Billionaire family feud worsens
EYES WIDE OPEN - Iris Gonzales (The Philippine Star) - September 9, 2019 - 12:00am

Decades ago in the ’60s, a wise man built an empire from scratch. The empire grew to dizzying heights, thanks to hard work and perseverance. The patriarch chose his favorite son as the next emperor, putting him at the helm of the family business.

The son took care of the company, helping it become the sprawling empire that it is now. But not everyone was happy.

So one day, things began to unravel. Resentment, envy and sibling jealousy prevailed.

Today, decades later, the siblings are locked in a family feud like young boys and girls squabbling over leftover cookies in a cookie jar – except they’re not really fighting over cookies and crumbs, but control over a billion-peso empire.

The plot has become thicker, the complexities deeper. One might be reminded of a page out of The Brothers Karamazov.

But fiction, this is not. This is a story straight from Sugarlandia, where everything is supposedly sweet and sugary, but which ironically is ground zero of the Yanson family’s bitter feud.

Bacolod City-Valladolid-La Carlota or Vallacar

The Yanson family of Bacolod is behind Vallacar Transit Inc., a bus conglomerate of six companies, said to be the biggest bus group in Southeast Asia.

The late Ricardo Yanson, the family patriarch, put up the company in 1968.

Together with his wife Olivia, Ricardo built the business starting with a lone jeepney. The couple started a jeepney-assembly business, but later on diversified into a small bus line which plied the Bacolod City-Valladolid-La Carlota route, hence the name Vallacar.

The rest, as they say, is history.

Today, the giant bus group which operates in Luzon, Visayas and Mindanao, has 18,000 employees, 700,000 daily passengers a day and an estimated P15 billion annual revenue.

Yanson vs Yanson

The ongoing family feud, however, is threatening the empire’s future.

On one side is Ricardo’s widow, the 85-year old family matriarch Olivia Villaflores Yanson, or OVY, and two of her children, Leo and Ginnette.

The other camp is comprised of the four remaining Yanson siblings – eldest son Roy, Emily, Celina and Ricardo Jr.

More than a decade ago, Ricardo Sr. named Leo as president of the company, to the surprise of many, including eldest son Roy.

Things drastically changed when some P380 million went missing last year. Leo’s camp blamed Celina, then the CFO, for the missing funds. Celina, on the other hand, said she could not be held accountable for the lost money. She said an employee favored by their mother was responsible for the fraud.

A boardroom battle ensued last month when the four allied Yanson siblings held a meeting and voted to unseat their youngest brother Leo as president.

But another special stockholders meeting on Aug. 19 re-affirmed Leo as the president of the company. Leo’s camp said his siblings should respect this and move forward.


But the other camp said hundreds of policemen – from a Philippine National Police contingent – using siege tactics forced the four Yanson siblings out of the company’s main office in Mansilingan, Bacolod and harassed employees.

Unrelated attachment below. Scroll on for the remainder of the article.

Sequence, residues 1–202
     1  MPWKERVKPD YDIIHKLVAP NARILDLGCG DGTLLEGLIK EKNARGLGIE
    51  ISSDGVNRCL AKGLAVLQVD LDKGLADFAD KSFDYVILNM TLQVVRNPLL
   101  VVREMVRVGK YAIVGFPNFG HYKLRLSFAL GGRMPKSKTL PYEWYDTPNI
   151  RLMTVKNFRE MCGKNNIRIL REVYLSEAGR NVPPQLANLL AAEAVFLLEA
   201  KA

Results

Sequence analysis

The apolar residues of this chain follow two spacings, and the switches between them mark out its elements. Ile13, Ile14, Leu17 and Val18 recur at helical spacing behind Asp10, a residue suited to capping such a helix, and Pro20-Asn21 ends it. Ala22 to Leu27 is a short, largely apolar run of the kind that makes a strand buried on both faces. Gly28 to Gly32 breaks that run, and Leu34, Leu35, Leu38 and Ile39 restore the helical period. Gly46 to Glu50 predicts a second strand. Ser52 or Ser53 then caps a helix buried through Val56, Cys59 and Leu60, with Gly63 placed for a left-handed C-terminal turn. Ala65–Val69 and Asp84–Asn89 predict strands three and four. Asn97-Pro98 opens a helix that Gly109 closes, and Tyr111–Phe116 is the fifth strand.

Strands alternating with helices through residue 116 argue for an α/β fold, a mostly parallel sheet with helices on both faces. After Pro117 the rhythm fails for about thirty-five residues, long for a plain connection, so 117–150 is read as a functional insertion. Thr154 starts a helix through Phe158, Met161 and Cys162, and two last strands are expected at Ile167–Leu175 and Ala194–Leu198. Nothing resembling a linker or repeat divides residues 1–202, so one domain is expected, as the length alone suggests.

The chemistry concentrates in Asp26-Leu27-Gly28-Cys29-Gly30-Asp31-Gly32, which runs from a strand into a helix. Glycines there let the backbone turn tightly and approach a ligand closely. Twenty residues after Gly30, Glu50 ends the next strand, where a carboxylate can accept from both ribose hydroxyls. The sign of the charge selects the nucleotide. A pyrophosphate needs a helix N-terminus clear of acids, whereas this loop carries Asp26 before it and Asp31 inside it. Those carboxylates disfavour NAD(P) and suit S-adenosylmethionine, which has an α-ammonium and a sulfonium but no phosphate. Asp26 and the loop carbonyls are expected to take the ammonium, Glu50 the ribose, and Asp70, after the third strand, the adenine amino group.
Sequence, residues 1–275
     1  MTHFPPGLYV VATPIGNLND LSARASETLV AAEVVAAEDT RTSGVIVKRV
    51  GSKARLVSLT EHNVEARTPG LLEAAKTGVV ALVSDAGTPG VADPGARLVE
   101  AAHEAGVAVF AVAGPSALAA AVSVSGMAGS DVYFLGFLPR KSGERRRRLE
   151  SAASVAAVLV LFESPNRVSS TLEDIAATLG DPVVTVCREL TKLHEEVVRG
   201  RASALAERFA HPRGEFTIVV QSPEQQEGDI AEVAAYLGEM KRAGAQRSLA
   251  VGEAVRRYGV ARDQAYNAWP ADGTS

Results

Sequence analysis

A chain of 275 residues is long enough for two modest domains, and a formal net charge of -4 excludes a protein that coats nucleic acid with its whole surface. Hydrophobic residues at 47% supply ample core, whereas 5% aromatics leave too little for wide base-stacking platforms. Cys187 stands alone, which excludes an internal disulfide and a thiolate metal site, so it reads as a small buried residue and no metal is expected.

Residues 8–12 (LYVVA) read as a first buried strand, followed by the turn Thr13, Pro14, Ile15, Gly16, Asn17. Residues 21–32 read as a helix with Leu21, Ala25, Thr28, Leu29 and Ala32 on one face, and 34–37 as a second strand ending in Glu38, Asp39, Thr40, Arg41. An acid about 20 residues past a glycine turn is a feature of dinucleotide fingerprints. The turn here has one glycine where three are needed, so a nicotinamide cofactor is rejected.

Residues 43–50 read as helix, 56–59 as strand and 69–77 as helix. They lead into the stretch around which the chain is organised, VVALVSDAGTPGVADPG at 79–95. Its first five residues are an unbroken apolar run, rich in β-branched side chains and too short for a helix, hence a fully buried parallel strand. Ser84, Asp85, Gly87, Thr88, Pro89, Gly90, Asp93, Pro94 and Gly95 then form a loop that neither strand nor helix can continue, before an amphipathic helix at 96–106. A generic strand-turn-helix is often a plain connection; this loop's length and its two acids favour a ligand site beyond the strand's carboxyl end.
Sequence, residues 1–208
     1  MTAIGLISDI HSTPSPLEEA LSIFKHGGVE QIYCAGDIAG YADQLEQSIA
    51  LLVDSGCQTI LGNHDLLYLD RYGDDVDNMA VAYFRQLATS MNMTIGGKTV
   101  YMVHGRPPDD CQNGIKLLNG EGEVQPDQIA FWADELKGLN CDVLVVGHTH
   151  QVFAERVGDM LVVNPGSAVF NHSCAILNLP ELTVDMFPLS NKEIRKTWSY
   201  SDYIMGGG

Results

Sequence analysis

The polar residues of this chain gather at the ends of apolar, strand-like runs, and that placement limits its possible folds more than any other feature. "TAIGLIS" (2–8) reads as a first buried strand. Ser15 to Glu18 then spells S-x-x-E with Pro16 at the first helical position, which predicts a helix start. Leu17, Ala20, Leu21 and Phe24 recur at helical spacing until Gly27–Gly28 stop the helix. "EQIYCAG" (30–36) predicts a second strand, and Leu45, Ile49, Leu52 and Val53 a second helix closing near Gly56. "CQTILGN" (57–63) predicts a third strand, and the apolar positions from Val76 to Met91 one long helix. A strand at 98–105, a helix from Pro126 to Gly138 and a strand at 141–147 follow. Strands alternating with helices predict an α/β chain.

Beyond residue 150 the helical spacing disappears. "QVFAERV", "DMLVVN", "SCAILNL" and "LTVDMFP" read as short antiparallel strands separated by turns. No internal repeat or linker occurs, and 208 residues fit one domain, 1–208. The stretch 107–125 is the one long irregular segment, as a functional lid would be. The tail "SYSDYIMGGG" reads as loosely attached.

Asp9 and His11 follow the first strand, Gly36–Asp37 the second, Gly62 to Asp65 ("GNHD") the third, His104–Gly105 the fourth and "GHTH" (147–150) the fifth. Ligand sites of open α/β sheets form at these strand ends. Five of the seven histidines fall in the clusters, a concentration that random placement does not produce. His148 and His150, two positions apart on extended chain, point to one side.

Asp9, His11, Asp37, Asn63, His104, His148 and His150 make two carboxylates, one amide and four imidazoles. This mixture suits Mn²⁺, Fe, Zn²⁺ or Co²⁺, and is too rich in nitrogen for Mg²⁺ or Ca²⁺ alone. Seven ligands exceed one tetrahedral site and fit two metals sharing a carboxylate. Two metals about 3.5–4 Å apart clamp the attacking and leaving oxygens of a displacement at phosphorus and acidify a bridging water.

Why the PNP interfered in a private family affair is puzzling, they said.

Clearly, the end is nowhere in sight.

The four Yanson siblings, although out of their offices now, vowed to fight it out. They said they have majority control – 62 percent – against the other camp’s 38.8 percent stake.

In the meantime, more than 200 workers have been displaced and bus terminals have been shut down, according to local reports. Ricardo Sr., who died in 2015, must be rolling in his grave.

Bacolod’s social circles and Manila’s business community are abuzz with talks about the family feud.

In a society that loves gossip, the stories are endless. Some are saying this is more than just a family affair. It’s a business whose future can affect the future of Negros, its politics and its politicians; its businesses and its businessmen. The Yanson family, after all, is among the most influential clans in the province, with some of its members allied with a broad pro-Duterte bloc in Negros including prominent Negrense Clint Aranas, the former GSIS boss. President Duterte himself wants to see an end to the feud.

A mother speaks

But of all the players in this family affair, it is perhaps the 85-year old matriarch OVY who is most eager to see a happy ending to this story. No mother after all wants to see her children locked in a fight.

“I hope it will soon be fixed and everyone will be happy,” Mrs. Yanson told me by phone.

Her voice, as motherly as can be, seemed full of hope and optimism. But just like any provincial bus ride, this bitter family feud can be long and winding. Only time will tell when it will end.

I do hope it’s resolved soon because as with most beleaguered empires, it’s not just the members of the billionaire clan who are affected. Sadly, it’s the innocent workers caught in the crossfire who suffer the most.

Iris Gonzales’ email address is

Follow her on Twitter @eyesgonzales. Column archives at

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